The lower boundary of the Bobrikovsky Formation is clearly identifiable on well logs in all wells: it is the top Tournaisian unconformity. Well-log trends systematically show an upward-fining trend in the lower half of the Bobrikovsky. The top of that upward-fining trend is the red line in Fig. 11, which represents the maximum transgression or maximum flooding surface. Later, the transgression turned to regression: the upper part of the Bobrikovsky is interpreted to be a highstand regressive systems tract. Based on this observation, the Bobrikovsky is proposed to be divided into two parts: a lower transgressive unit and an upper regressive unit separated by a maximum transgressive surface. The upper unit tends to be sandier, yet the lower unit also includes sandy facies locally. The separating surface between the lower transgressive and upper regressive unit is called in this study the Intra-Bobrikovsky Horizon. Using sequence stratigraphic terminology (Wilgus et al., 1988; Posamentier and Allen, 1999; Catuneanu, 2006; Catuneanu et al., 2011), the Bobrikovsky Formation is a half sequence, representing a half cycle of relative sea-level excursion, including a lower transgressive and an upper highstand systems tract. It is likely that following the Lower Visean, sea level fell and led to regressive and later normal regressive sediments deposited in the deep parts of the basin, off of our study area. As the sea level rose and reached its peak and a stillstand was established, the carbonate factory resumed on the elevated structure of the study area and highstand carbonates were deposited above the Bobrikovsky Formation. Carbonate platform sedimentation both preceded and followed the Bobrikovsky Formation; it was a siliciclastic episode, an interruption in a long series of carbonate production. The interruption was caused by a sea-level fall and subsequent rise that temporarily switched off the carbonates in the Lower Visean.

Fig. 11.
Fig. 11.

Proposed stratigraphic framework of the Bobrikovsky Formation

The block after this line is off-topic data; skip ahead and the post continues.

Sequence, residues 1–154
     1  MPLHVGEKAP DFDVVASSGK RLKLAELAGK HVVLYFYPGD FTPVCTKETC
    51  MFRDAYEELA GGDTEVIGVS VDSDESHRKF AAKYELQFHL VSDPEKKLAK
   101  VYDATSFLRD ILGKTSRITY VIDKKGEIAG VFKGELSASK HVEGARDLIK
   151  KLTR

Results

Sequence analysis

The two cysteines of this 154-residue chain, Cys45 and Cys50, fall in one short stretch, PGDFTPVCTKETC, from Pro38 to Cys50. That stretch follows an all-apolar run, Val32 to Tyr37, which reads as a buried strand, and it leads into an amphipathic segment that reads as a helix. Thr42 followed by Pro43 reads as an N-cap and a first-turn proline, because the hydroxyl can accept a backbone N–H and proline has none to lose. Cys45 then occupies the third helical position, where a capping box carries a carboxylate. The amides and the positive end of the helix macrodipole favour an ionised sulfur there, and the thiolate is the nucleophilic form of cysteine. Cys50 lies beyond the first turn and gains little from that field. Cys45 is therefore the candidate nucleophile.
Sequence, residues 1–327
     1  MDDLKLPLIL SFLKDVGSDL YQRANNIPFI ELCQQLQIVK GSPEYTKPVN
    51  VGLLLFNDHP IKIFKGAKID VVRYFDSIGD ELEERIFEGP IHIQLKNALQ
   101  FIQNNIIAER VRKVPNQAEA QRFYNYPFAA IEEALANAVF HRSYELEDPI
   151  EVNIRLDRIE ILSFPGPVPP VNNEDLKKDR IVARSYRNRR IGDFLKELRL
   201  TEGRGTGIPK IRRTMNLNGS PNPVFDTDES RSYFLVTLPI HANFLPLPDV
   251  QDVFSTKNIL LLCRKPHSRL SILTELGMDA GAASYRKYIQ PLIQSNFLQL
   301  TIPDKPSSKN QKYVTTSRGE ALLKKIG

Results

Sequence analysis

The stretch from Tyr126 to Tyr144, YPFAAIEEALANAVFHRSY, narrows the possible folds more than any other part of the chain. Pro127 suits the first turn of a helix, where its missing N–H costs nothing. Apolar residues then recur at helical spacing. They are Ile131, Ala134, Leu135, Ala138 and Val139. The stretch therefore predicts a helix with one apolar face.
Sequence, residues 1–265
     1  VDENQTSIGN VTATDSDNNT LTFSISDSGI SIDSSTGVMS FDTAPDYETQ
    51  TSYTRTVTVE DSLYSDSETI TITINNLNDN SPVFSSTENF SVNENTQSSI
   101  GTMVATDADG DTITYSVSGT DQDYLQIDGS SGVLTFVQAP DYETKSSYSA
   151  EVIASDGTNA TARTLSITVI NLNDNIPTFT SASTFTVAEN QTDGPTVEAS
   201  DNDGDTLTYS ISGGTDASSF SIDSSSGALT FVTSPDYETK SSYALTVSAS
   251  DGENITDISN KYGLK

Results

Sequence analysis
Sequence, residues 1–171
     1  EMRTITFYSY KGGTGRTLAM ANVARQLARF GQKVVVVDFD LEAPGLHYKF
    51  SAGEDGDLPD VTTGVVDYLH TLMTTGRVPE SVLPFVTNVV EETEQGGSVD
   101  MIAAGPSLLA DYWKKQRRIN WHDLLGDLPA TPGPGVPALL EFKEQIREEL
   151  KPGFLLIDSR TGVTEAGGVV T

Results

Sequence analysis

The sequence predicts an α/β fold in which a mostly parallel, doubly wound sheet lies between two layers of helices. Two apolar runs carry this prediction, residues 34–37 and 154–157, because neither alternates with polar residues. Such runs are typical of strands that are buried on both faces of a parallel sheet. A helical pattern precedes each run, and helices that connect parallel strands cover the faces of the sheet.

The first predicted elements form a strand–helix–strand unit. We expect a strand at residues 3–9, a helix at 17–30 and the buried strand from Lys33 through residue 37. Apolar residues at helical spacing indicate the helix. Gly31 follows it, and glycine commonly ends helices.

Citation: Central European Geology 64, 2; 10.1556/24.2021.00006

Facies were defined on well log patterns in the above stratigraphic framework, separately for the transgressive and highstand systems tracts. Six facies or facies groups have been defined in the study area where the production wells are located; three of them are below the Intra- Bobrikovsky Horizon in the transgressive systems tract, and three are in the upper regressive unit. These facies are presented in the next sub-sections. More facies were defined beyond the field area based on seismic data.

As the core data gave evidence presented in the previous section of the paper, the overall depositional environment is a nearshore-coastal zone, which is located in the broad shallow shelf of the Volga-Urals Basin. Barrier islands were deposited that enclosed lagoons and estuaries. Tidal deltas, including flood tidal and ebb tidal deltas and tidal channels were deposited in and in front of the lagoonal series. First, the three facies below the Intra- Bobrikovsky Horizon, and then the other three facies above the horizon will be discussed.

Facies in the lower transgressive systems tract

Lagoon-estuary, and transgressive barrier bar facies groups

A characteristically silty-shaly and upward fining trend is interpreted as a lagoon or estuary deposit (Fig. 12).

Fig. 12.
Fig. 12.

Well log examples for the lagoon-estuary (well A) and the transgressive barrier island (well B) facies group in the lower transgressive systems tract

Citation: Central European Geology 64, 2; 10.1556/24.2021.00006